Before the kickoff of Saturday’s contest against No. 7 Georgia Tech, Duke head coach David Cutcliffe warned the Blue Devils not to look at the scoreboard during the game.
Predicting that his team would jump out to an early lead against the high-powered Yellow Jackets, Cutcliffe worried that minding the score would disrupt his squad’s focus on each individual play.
After 60 minutes, Cutcliffe’s admonition was still applicable—but for all the wrong reasons.
Despite a hot start that gained Duke a 10-point advantage in the first quarter, the Blue Devils (5-5, 3-3 in the ACC) failed to keep up momentum, sputtering in all three phases of the game as they were trounced 49-10 by a merciless Georgia Tech squad.
“Mama said there’d be days like today,” Cutcliffe said. “I think it was evident the way we came out and started the game that we were ready to play to open the ball game. And somewhere in there, the wheels started coming off.”
The Blue Devils struck first on a measured nine-play, 73 yard drive capped off by a beautiful 18-yard touchdown reception by running back Re’quan Boyette on a fade route down the visitor’s sideline. Duke kicker Will Snyderwine chipped in a 31-yard field goal with 1:30 to go in the first quarter, but from that point on Georgia Tech (10-1, 7-1) showed Duke what the best offense in the ACC is made of as it unleashed a deflating 14-point blitzkrieg—a stretch that was just the tip of the iceberg.
It was all spurred by an electric 83-yard return by the Yellow Jacket’s Orwin Smith on the ensuing kickoff, which ironically, looked disastrous for Georgia Tech at the play’s outset.
Smith fumbled the ball near his own 15-yard line but quickly recovered and dodged a swarm of converging Blue Devil defenders to reach a swath of open field, taking the ball down to the Duke 2-yard line.
One snap later, Georgia Tech had its first points of the day as quarterback Josh Nesbitt called his own number and plunged into the end zone.
“That one kickoff return, that was probably the sort of game changer for us,” redhsirt senior defensive tackle Kinney Rucker said.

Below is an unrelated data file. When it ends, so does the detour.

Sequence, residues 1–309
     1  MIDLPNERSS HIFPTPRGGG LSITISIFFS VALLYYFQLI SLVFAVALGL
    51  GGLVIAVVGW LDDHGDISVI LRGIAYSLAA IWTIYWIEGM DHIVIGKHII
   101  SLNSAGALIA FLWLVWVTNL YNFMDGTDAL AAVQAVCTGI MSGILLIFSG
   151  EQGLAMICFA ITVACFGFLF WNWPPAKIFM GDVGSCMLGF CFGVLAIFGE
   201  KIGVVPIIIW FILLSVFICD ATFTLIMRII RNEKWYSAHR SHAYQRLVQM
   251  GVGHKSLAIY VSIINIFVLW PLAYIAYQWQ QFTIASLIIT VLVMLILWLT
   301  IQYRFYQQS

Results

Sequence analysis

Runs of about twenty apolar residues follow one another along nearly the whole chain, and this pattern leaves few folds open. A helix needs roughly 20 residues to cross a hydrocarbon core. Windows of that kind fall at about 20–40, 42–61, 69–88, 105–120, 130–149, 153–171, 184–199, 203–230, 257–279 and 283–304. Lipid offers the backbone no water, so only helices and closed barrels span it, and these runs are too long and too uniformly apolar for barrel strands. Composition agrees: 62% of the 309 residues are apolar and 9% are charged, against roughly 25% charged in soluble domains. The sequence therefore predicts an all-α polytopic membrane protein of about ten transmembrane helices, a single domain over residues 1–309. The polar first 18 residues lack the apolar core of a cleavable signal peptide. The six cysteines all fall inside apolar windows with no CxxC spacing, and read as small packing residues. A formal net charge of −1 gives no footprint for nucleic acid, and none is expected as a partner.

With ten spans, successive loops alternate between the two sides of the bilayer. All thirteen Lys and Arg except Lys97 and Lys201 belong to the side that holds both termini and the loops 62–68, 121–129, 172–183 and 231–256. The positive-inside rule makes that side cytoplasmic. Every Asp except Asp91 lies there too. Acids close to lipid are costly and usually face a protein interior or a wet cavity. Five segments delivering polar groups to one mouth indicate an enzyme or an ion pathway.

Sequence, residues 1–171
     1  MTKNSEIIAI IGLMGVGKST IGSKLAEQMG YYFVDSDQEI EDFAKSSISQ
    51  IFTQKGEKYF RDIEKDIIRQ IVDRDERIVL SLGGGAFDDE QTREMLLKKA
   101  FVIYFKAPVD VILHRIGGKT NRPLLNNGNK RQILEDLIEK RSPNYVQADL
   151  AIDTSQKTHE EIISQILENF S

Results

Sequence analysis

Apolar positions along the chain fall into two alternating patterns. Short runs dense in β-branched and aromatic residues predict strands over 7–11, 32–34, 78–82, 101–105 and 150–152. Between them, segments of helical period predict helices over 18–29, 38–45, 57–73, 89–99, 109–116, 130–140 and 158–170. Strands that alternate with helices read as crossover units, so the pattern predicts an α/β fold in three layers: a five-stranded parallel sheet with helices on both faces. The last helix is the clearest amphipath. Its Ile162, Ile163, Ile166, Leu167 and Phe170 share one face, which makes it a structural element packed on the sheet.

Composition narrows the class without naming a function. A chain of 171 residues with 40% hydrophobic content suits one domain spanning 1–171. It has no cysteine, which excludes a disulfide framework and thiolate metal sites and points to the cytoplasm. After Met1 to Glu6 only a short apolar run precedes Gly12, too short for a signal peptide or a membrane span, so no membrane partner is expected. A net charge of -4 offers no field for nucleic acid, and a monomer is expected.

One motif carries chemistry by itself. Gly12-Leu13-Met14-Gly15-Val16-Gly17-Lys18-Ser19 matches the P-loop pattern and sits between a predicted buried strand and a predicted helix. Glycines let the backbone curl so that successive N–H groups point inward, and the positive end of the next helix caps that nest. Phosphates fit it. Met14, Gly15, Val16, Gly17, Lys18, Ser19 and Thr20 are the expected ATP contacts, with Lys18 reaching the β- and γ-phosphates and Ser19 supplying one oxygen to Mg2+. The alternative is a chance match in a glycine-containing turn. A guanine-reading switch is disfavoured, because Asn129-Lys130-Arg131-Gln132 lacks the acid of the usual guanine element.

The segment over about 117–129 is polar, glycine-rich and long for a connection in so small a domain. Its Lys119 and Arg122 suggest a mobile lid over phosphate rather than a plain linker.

Rucker, who started in the place of the injured Vince Oghobaase, was right. The Ramblin’ Wreck and its potent triple option never looked back and Duke never regained its footing after that initial score. Less than five minutes after their first touchdown, the Yellow Jackets put together a string of 10 running plays to go 86 yards for another seven-point score.
Georgia Tech running back Jonathan Dwyer, who recorded 110 yards for his fourth straight 100-yard performance, exposed the same weak run defense which plagued Duke last week against North Carolina. The Yellow Jackets grinded the Blue Devils down, running the ball 52 times for 306 yards on the day—good for an average of 5.9 yards per carry.
And while Georgia Tech did what Georgia Tech does best, Duke also seemed to neglect the weapons its opponent had in its receiving corps. Nesbitt threw for 195 yards on just six completions—two of which were deep strikes that went for touchdowns—taking advantage of the Blue Devils’ man-to-man coverage scheme and size mismatches that favored the Yellow Jackets.
“When they get rolling, you really don’t know what to expect,” senior linebacker Vincent Rey said. “We all know how [well] they run the ball, but they can also throw the ball as well. It’s tough when they have that two-pronged attack as well as they do.”
Duke starting quarterback Thaddeus Lewis, who is dealing with a leg injury and struggled to get into rhythm with his receivers for any extended period, was replaced by backup Sean Renfree midway through the third quarter. Renfree, however, went down with what looked like a knee injury after throwing just six passes.
“There are ups and downs in the game of football,” Lewis said. “The energy you come out with—you usually have to sustain it to keep it going like that.”
With the win, the Yellow Jackets secured the ACC Coastal Division title for the first time in three seasons, and left the Blue Devils needing to run the table in games at Miami and at home against Wake Forest in order to become bowl eligible.
Get The Chronicle straight to your inbox
Signup for our weekly newsletter. Cancel at any time.